Taxonomy term

mississippi delta

Mapping Louisiana's disappearing shoreline

Since the 1930s, Louisiana has lost an area of coastal wetlands larger than the state of Delaware. A new map, published in GSA Today, charts the land loss from a combination of man-made and natural factors, including reduced sediment flow from the Mississippi River, land subsidence and sea-level rise.

10 Oct 2017

Mississippi sand still abundant

Flood control measures along the Mississippi River have likely saved countless lives, but the effects of upstream dams and containment on the river’s delta have been ecologically catastrophic: In the past 80 years, more than 5,000 square kilometers of wetlands along the Louisiana coast have been starved of vital sediment and drowned. Now, researchers have found that the lower river contains a significant reservoir of the sand needed to mitigate land loss at the river’s mouth — if  it can be diverted downstream.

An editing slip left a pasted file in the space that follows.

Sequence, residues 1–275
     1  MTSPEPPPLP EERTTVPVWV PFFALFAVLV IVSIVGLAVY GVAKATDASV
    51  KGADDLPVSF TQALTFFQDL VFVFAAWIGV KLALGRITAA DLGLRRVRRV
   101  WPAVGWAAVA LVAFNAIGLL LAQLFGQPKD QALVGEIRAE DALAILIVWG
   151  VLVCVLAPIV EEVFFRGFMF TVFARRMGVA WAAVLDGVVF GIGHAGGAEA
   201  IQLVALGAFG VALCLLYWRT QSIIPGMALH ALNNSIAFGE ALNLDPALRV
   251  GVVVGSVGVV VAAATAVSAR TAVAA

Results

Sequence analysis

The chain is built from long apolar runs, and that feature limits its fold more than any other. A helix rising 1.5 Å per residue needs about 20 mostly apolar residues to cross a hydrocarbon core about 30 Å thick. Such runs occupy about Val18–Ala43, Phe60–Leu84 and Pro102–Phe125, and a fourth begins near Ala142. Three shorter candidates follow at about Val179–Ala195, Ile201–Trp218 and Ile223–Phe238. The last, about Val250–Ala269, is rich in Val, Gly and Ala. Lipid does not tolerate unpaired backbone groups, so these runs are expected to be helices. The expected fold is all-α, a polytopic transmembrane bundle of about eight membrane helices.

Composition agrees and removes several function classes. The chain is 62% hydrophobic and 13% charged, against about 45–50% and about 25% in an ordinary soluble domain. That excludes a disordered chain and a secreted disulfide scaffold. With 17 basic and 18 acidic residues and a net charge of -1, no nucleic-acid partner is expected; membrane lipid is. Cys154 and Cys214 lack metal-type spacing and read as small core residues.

01 Sep 2014

Mississippi Delta drowning

The Mississippi River Delta is arguably the most geologically (and politically) dynamic delta in the United States. Subsidence, sedimentation, sea-level change and human manipulation constantly alter the landscape at the end of North America’s longest river. But now, researchers say, the beloved delta may be irrevocably shrinking.

24 Nov 2009

Biophysical economics: The Mississippi Delta as a lens for global issues

With a global economic slowdown and growing environmental concerns, it is worthwhile to take a look at the future and think about how we can better manage development relative to society, natural ecosystems, climate and energy. These global issues can be viewed through the lens of the Mississippi Delta.

24 Nov 2009